Luck, Fate, or Providence
I first became aware of Bill James and his work during the spring of 1983. At the time, I was 15 years old and a fanatic baseball fan, growing up in Des Moines, Iowa.
One day, my father took me on a business trip to Kansas City. At the time, he thought we were going to drive home that evening. But for some reason, my dad decided he needed to stay an extra day to meet with some additional clients. I needed to get back home to go to school, so my dad bought me a bus ticket to get back that evening. He also bought me a copy of the 1983 Baseball Abstract so I would have something to read on the bus ride.
I think my dad bought me that book to help me get interested in math. At the time, I was struggling badly with high school algebra, and he likely wanted me to see things in a new light. As it was, I still got a "D" in high school algebra, but I was quickly completely absorbed in the Baseball Abstract, and a rapid convert to the way that Bill James thought about baseball.
One thing that I particularly respected was his writing ability. His sense of humor and his love of the game shone through in every essay. Growing up in a Triple-A city, I had always been interested in young players and how they projected to do in the Majors. Bill's creation of the Major League Equivalent (MLE) for minor league numbers was, for me, the most fascinating part of his work. It eventually became the starting point of all quantitative prospect analysis.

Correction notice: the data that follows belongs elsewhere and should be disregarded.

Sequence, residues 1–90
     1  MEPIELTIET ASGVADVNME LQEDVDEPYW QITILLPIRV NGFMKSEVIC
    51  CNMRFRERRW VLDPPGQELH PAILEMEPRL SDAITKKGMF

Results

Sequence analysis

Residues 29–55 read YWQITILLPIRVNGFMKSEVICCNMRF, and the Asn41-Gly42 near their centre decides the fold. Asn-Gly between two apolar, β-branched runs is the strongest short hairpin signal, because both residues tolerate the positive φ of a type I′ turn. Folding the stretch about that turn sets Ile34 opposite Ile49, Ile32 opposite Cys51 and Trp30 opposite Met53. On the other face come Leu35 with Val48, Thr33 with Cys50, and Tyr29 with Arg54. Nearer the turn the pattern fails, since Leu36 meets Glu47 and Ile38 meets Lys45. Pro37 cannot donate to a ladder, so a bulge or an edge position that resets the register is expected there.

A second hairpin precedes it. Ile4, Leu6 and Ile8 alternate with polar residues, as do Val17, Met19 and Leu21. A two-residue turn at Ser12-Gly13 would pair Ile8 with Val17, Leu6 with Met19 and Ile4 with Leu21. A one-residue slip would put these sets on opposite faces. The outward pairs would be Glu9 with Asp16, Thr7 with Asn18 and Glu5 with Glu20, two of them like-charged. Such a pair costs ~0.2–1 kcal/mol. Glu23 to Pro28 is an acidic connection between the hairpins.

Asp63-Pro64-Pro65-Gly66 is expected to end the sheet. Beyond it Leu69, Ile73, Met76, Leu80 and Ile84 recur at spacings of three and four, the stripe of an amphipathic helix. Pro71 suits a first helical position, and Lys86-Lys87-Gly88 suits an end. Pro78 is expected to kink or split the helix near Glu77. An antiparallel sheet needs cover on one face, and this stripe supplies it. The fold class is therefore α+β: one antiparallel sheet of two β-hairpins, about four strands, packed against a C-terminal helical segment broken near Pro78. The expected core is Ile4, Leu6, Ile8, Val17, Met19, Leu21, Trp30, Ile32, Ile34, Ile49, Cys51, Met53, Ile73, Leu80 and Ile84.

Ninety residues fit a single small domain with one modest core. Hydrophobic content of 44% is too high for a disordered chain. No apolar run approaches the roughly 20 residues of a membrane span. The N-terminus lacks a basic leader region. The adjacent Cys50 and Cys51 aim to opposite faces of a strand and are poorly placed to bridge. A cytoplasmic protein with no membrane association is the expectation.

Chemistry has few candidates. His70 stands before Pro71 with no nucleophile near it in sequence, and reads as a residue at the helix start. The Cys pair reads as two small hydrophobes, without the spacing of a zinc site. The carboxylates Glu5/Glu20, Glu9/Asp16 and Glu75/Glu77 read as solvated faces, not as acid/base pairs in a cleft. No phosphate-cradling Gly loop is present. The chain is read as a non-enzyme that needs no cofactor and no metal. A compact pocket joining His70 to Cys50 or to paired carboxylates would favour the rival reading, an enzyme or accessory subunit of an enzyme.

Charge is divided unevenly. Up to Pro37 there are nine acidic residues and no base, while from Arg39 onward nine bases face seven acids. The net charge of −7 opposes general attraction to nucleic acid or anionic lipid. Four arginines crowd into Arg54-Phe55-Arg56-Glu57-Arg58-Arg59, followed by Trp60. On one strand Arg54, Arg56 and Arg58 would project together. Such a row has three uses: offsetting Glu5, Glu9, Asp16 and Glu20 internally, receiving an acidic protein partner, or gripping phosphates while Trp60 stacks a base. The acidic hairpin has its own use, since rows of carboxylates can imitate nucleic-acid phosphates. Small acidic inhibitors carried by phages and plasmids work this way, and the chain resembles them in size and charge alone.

I graduated from high school in 1986, and went to college at Northwest Missouri State University. I decided to study history, with the goal of becoming a college professor. Following baseball prospects was my main hobby, but at the time I had absolutely no idea that it would become not just a hobby, but a career.
I went off to grad school at the University of Kansas in July of 1990. I picked KU for two pragmatic reasons: they gave me a graduate assistantship, and it was within driving distance of Northwest Missouri State, where my girlfriend Jeri was two years behind me. I knew I wanted to marry her, so keeping close was very important for weekend visits.
I knew Bill James lived in Lawrence, the home of KU, and in the back of my mind I wondered if I'd ever run into him, but it was no more than a fleeting thought.
Jeri and I got married during the spring of 1992 after she graduated from college. In early May of 1993, Jeri asked me what I wanted to do for the summer. My teaching assistantship did not cover the summer months, so I made ends meet during financial dry spells by delivering pizzas and working fast food. I jokingly said "I'd love to work for Bill James." Ha ha. It would certainly beat slinging tacos.
The next day, Bill James walked into the luggage store where my wife worked, to purchase a briefcase. She recognized him from the name on his check, asked if he was Bill James the baseball writer, and off-handedly mentioned that her husband was a big fan and would love to work for him. "I'm looking for an assistant," responded Bill, "if he is serious, here is my business card. Have him call me."
Luck, Fate, or Providence. Take your pick.
At the time, Bill was writing a yearly annual called the Player Ratings Book. He needed someone in the office who knew about minor league players, and I was fortunate enough that my interests and skills matched his needs.